Luckily, I was able to get immediate treatment that included cold laser, ultrasound and, of course, Kinesio Taping. Although I’m known as Tape Expert, this was my first opportunity to actually use Kinesio Tex Tape with an acute (and incredibly painful) injury. My initial taping was a multicolored criss cross “microcirculatory” or lymphatic taping designed to reduce the swelling and bruising. After a few days, I graduated to a “neurosensory” taping that dramatically relieved the pain whenever I put weight on my injured leg.
I’m happy to report that, within two and a half weeks, I was back on the courts – this time with a “structural” application, designed to provide support for my traumatized calf muscles, while still allowing me to move freely through a full range of motion. Within a month, I was back running and playing tennis on my typical manic schedule, with no taping required and no pain or swelling.
I now refer to my experience with tennis leg as the “best bad injury” I ever had.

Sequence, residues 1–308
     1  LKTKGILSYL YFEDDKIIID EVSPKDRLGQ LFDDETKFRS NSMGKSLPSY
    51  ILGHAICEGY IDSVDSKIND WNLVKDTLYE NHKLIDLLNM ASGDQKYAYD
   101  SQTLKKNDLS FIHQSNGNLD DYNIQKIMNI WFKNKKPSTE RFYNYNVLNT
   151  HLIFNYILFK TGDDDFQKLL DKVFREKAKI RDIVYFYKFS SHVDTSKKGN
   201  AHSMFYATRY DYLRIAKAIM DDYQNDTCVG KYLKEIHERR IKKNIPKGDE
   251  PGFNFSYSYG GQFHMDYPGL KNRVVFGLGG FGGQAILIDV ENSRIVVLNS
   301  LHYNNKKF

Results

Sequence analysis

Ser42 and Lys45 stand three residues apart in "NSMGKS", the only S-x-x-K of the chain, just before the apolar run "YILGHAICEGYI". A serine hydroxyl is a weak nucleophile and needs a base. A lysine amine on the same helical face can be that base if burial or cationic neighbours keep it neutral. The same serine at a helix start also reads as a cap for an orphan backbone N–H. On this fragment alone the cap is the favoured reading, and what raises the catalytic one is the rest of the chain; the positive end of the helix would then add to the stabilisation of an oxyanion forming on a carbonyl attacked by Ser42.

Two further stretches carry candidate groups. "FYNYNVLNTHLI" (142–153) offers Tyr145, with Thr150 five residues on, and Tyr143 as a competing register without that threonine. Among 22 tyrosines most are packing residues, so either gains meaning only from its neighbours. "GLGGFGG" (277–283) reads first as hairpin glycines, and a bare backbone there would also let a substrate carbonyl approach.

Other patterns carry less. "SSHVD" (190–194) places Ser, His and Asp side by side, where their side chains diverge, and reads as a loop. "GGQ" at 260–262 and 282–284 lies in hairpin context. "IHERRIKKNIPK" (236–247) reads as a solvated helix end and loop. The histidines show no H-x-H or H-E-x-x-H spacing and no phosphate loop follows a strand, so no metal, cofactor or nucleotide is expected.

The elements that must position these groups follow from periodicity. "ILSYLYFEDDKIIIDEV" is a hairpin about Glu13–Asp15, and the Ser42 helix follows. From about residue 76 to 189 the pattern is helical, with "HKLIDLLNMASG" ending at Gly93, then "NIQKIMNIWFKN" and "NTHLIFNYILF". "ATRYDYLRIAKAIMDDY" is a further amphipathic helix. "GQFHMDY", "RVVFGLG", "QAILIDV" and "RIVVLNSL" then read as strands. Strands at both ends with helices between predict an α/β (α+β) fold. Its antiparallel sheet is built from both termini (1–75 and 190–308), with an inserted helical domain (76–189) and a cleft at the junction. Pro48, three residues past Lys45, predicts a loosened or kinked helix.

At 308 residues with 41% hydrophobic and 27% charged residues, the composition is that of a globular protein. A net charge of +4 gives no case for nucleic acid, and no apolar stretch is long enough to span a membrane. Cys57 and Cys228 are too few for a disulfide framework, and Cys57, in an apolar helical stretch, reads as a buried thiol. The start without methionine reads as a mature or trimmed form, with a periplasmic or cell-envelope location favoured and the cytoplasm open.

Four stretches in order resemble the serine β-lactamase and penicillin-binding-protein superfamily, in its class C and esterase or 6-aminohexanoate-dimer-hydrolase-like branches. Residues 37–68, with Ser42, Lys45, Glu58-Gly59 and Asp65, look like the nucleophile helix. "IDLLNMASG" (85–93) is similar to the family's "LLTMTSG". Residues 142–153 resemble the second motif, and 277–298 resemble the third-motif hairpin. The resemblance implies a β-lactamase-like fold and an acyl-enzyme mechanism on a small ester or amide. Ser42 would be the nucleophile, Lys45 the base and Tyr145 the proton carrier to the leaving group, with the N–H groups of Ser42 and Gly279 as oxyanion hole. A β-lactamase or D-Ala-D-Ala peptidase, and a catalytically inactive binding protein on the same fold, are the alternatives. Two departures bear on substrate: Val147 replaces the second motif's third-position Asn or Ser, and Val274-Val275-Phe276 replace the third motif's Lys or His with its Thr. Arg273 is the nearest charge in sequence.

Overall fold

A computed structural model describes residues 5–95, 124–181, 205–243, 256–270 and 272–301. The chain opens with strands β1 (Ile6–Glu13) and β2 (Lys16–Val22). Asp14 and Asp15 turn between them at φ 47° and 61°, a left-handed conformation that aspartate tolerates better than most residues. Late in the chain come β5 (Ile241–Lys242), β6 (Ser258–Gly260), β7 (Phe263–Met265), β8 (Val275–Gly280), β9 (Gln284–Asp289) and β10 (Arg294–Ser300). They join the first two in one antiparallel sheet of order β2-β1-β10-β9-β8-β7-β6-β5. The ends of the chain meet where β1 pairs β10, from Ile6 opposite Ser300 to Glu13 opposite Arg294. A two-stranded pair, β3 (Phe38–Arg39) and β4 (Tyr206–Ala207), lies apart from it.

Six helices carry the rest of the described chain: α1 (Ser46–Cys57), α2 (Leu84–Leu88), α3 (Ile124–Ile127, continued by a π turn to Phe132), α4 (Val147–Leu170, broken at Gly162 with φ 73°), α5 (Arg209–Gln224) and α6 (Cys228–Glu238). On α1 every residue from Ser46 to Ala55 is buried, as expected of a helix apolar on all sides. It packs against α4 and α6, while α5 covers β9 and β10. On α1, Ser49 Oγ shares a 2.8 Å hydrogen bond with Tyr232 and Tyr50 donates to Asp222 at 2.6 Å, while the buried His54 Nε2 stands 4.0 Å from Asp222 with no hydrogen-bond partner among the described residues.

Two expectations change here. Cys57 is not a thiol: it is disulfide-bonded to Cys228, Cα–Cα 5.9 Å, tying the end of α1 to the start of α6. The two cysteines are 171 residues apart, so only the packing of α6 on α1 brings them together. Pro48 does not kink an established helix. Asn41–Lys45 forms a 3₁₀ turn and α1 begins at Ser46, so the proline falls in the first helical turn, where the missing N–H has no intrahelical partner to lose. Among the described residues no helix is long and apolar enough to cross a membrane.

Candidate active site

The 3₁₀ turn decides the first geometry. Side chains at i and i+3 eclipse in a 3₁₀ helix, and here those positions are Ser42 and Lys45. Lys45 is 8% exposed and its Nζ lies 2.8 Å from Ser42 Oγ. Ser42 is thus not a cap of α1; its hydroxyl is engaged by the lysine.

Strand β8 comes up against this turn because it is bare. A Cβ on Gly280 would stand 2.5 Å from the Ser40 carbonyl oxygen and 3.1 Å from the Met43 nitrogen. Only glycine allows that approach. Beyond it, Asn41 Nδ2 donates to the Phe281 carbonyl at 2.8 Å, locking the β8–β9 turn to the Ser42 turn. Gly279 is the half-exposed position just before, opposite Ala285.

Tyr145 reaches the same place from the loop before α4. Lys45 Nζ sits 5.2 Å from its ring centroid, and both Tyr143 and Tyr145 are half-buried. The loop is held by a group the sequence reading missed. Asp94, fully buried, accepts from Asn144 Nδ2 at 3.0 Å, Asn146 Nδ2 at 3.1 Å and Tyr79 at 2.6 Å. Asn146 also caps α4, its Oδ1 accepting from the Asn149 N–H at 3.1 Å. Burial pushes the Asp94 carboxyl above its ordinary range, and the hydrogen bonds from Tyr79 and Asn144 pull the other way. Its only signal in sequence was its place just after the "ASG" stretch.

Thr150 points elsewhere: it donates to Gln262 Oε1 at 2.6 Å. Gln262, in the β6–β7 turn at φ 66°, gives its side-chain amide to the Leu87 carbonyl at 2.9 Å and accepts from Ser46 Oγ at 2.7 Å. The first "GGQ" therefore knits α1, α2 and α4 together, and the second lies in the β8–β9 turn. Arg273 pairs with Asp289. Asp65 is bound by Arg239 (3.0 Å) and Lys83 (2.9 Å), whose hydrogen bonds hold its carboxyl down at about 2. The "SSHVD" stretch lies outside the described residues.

Watch for my next three posts, which will provide additional detail on the three taping techniques that I used Kinesio Tex Tape for: (1) the microcirculatory or lymphatic taping technique for relief of swelling, edema and bruising, (2) the neurosensory or decompression taping technique for pain relief, and (3) the structural or compression taping technique for providing support to injured or recovering muscles.
The SpiderTech Tape company has created a comprehensive line of precut kinesiology tape applications for different parts of the body. Each application comes individually packaged with illustrated step-by-step instructions. These therapeutic tape products provide a convenient and inexpensive way for non-health professionals to apply kinesiology tape effectively. This is the second in a series of blogs describing the different SpiderTech applications, their uses and how to apply them.
♦ Relieves pain and swelling from hamstring injuries
♦ Speeds recovery after intense exercise
♦ Provides protection as hamstring injuries heal
♦ Improves strength of injured hamstring muscles
♦ Provides support without restricting range of motion